Private market must respond to the housing problem. Airbnb is “highly speculative”

Portugal, 18 November 2020. English translation of the article by Rita Neto on Portuguese newsplatform ECO.

The International Union of Tenants and the United Nations-Habitat argue that one of the responses to the housing shortage should be the mobilisation of empty property at the public but also private market.

The problem of access to housing in Lisbon, but also throughout Europe, must be solved by mobilising the empty houses of the state and municipalities, but also private owners. This is one of the struggles that the International Union of Tenants (IUT) has been fighting, pointing at Airbnb being “highly speculative” and “dangerous”.

If in the 1980s and 1990s there was an “extraordinary advance” in the field of housing, when housing was built for “tens of thousands of Portuguese”, today, 25 years later, we are at a “different stage”. Fernando Medina, mayor of Lisbon, says it is “essential to build and have affordable housing for the young and middle class” in the capital. “Not in the peripheries, but close to the centre and jobs”, underlined the mayor this Wednesday, during the conference “Housing the Future”, promoted within the 25 years of Gebalis.

Recognising the current problem of access to housing in many European capitals, including Lisbon, Barbara Steenbergen, also present at the conference, said that the pandemic is highlighting the gap between wages and rents. “Rents are rising, but wages are not keeping up,” said the IUT representative.

Lisbon Chamber wants to allocate 500 affordable houses

Underlining that “there is great speculation in the housing market”, Barbara Steenbergen noted that the answer to this problem lies in “mobilising empty public and private housing”.

The same problem – and the same solution – is pointed out by Christophe Lalande, head of the United Nations-Habitat (UN-Habitat) housing unit, who states that “housing is a shared responsibility”. Also present at the conference, the expert notes that UN-Habitat has been working for several weeks with housing companies, and that one of the conclusions he reached was that “all shareholders should implement [housing] solutions in cities”.

But beyond this, the tenants’ representative advocates other support measures that can be given to tenants, especially those who are feeling the impacts of the pandemic. One proposal is to create a solidarity fund for tenants “who are no longer able to pay the rent” because they have lost their jobs.

And another of the measures advocated has to do with direct subsidies to citizens, not loans. “In some countries [as in Portugal] there is the possibility for tenants to receive interest-free loans to pay their rents. But, obviously, the loan has to be paid back. What if these people don’t get their jobs back? The problem is not solved, it’s just being postponed until 2021”, says Barbara Steenbergen.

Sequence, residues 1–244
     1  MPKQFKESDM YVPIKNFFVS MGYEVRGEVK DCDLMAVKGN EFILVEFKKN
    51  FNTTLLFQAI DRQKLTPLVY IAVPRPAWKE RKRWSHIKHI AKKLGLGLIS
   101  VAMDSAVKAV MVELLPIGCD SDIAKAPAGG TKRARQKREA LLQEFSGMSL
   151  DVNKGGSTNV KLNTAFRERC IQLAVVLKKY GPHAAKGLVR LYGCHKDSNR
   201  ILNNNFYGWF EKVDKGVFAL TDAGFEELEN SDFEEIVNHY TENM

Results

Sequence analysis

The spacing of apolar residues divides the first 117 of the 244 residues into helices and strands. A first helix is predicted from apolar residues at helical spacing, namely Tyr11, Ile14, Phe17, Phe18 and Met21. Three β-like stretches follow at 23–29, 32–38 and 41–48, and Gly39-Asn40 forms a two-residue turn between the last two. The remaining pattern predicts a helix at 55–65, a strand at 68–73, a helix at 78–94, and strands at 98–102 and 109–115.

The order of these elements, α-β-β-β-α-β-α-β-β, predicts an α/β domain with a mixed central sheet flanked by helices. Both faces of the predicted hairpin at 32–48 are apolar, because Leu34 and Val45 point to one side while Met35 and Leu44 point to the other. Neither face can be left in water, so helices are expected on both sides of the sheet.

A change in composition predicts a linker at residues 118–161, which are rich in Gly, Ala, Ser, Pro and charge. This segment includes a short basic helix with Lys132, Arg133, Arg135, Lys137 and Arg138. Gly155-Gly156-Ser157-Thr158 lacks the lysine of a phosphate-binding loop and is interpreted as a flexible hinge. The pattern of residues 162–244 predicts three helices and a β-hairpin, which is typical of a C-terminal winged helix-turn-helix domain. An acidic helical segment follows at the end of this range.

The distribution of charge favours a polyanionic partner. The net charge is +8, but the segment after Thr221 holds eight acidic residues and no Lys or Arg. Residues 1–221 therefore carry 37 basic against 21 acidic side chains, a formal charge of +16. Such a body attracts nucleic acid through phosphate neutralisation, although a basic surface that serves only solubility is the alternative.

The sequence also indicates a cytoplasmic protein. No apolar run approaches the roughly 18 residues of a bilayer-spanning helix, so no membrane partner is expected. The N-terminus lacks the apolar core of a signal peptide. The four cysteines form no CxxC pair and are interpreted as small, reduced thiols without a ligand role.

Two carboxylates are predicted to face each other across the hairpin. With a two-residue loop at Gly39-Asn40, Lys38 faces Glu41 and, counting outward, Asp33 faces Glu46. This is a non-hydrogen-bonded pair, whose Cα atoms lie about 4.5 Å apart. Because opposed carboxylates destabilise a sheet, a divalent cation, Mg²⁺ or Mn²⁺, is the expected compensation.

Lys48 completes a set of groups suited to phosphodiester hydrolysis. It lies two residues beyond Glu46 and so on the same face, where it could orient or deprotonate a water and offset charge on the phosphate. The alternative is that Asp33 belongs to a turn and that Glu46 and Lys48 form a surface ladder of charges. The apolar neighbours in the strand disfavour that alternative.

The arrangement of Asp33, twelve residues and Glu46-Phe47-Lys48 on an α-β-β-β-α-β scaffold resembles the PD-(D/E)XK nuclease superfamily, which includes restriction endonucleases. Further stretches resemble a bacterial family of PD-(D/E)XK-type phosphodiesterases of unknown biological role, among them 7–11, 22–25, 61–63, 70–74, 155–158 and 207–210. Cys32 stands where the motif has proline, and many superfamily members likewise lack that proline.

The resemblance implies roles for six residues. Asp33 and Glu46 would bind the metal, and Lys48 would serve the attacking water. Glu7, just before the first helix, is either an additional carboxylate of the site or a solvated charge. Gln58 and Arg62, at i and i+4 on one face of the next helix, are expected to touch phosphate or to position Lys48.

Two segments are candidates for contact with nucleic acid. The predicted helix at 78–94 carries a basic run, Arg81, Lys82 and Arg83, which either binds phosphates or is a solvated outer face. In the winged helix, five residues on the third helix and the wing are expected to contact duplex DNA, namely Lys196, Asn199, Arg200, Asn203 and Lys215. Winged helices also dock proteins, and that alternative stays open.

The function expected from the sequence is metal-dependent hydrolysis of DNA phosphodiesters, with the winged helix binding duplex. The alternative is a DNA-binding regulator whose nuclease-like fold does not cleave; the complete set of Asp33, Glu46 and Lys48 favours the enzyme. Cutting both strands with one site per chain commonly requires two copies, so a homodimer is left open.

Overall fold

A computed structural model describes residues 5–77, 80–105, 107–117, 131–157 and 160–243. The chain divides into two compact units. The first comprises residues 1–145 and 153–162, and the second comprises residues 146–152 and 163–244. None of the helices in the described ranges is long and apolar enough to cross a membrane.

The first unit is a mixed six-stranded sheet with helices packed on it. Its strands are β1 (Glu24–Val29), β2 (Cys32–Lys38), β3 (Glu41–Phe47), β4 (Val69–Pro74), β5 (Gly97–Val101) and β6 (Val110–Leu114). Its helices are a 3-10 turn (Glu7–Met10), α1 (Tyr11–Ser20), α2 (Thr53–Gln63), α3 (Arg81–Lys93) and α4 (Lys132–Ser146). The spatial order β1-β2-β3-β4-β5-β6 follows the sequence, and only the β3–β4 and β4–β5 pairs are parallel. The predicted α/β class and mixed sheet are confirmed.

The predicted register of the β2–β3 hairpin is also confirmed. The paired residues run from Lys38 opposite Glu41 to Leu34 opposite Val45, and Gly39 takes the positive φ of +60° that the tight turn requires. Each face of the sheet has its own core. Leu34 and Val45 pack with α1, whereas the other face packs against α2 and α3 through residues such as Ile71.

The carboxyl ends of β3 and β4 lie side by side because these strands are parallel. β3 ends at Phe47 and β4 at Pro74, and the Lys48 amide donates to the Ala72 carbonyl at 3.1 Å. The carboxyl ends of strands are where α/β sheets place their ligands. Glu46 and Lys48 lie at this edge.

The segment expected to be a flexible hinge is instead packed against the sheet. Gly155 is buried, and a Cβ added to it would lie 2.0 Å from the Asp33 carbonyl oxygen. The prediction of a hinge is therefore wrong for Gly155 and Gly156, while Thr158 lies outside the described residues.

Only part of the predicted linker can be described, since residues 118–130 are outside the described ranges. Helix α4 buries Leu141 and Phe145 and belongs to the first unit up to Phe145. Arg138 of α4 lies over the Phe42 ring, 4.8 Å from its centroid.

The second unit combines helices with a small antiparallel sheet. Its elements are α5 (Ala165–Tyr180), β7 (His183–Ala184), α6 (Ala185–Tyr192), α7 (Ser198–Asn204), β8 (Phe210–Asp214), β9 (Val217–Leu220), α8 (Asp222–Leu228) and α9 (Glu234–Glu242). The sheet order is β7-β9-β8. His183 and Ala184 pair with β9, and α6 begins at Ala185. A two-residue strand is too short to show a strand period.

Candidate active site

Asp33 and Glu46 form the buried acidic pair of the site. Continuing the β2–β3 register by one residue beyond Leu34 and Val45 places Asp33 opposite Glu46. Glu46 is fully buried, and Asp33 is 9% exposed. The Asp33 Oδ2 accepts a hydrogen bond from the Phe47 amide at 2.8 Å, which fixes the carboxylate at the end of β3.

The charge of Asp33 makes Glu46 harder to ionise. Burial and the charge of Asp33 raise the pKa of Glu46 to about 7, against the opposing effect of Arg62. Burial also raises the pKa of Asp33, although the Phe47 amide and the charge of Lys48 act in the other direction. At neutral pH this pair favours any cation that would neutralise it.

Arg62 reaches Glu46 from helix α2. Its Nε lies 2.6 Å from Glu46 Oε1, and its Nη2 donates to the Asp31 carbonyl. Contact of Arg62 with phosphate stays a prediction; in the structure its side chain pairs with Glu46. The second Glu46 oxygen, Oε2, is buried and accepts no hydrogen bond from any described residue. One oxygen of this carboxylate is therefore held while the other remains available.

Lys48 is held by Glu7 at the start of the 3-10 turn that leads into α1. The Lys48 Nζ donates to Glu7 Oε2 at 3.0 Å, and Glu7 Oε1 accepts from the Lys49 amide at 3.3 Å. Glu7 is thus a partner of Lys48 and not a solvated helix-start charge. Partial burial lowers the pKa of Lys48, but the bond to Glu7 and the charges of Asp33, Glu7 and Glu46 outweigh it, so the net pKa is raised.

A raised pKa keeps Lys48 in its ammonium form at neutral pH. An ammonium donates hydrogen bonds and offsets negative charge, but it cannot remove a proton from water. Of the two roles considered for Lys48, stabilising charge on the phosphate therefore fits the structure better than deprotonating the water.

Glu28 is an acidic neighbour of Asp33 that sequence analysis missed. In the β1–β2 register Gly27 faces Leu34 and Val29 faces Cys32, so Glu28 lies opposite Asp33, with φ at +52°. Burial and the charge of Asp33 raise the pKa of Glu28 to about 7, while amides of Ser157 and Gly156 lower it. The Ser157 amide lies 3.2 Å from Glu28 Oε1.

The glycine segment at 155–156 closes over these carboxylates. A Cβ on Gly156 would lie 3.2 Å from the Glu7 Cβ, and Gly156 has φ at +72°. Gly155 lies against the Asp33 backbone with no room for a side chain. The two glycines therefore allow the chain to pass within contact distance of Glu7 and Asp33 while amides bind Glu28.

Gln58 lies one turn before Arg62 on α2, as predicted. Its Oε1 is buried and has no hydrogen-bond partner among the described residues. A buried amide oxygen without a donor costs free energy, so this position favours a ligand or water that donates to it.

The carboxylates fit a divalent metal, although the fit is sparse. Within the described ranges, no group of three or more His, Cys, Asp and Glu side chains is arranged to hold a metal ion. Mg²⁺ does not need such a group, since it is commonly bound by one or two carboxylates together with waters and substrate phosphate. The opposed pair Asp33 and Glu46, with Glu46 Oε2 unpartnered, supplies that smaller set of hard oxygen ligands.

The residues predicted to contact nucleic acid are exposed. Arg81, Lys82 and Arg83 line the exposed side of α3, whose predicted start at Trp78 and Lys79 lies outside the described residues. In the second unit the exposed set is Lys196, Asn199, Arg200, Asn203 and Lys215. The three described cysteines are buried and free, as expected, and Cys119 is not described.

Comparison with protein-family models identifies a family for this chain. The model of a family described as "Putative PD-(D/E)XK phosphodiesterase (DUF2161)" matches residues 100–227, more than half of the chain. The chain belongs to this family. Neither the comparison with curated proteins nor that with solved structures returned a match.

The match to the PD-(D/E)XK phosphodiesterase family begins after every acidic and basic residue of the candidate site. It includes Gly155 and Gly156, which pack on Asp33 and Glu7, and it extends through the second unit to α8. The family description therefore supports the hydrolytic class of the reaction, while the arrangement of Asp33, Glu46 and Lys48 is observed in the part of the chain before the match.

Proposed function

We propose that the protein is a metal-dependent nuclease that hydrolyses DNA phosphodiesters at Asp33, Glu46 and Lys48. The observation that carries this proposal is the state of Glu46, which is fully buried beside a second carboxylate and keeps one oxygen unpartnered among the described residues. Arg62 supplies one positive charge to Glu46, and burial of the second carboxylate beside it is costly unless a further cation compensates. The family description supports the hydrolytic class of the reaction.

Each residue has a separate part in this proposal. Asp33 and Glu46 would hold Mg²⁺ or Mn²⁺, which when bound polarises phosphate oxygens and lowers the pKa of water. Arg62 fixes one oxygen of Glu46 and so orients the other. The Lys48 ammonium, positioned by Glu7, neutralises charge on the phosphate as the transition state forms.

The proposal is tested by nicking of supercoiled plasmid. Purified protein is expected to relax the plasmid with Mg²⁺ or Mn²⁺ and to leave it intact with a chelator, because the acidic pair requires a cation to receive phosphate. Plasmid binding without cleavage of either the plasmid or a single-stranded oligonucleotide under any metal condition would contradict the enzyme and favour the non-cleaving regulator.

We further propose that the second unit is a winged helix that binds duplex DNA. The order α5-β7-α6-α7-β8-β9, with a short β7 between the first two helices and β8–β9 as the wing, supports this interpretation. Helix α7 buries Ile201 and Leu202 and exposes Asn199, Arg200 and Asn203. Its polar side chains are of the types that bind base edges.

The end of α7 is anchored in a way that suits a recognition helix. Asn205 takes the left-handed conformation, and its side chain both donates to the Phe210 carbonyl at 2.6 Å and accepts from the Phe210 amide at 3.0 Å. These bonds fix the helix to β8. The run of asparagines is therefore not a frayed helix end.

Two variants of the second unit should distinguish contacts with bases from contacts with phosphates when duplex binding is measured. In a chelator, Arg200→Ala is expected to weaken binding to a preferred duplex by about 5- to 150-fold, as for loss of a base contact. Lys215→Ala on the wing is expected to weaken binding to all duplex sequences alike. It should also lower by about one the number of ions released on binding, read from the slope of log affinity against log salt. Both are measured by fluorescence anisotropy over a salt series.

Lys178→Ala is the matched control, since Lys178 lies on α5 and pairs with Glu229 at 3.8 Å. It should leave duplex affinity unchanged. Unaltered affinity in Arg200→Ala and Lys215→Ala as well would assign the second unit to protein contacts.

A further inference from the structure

Airbnb “is a sign of digital real estate speculation”

Still within the housing market problem, the IUT representative highlights another negative point: the  short term rental platforms like Airbnb. For Barbara Steenbergen, this housing reservation platform “is no longer as small as it used to be”. “It’s big and with big investors,” she says.

She notes that Airbnb “extract houses from the normal rental market”, the expert notes that there are houses to be rented at around 300 euros a day, when that figure should be monthly. “This is highly speculative and dangerous,” he says, accusing this US platform of being a “sign of digital property speculation.

Thus, the IUT representative argues that “regulation should be stronger” and suggests, for example, limiting the number of weeks that houses are rented per year. “Something needs to be done about this. We need to fight speculation on short-term rentals”, she stresses.

At the same conference, Barbara Steenbergen said that there are “some judgements” from the European Court of Justice on further regulation of short-term rentals, and that “the city of Paris is especially happy about this, because it suffers a lot from Airbnb”.

You can review the first part of this conference here:


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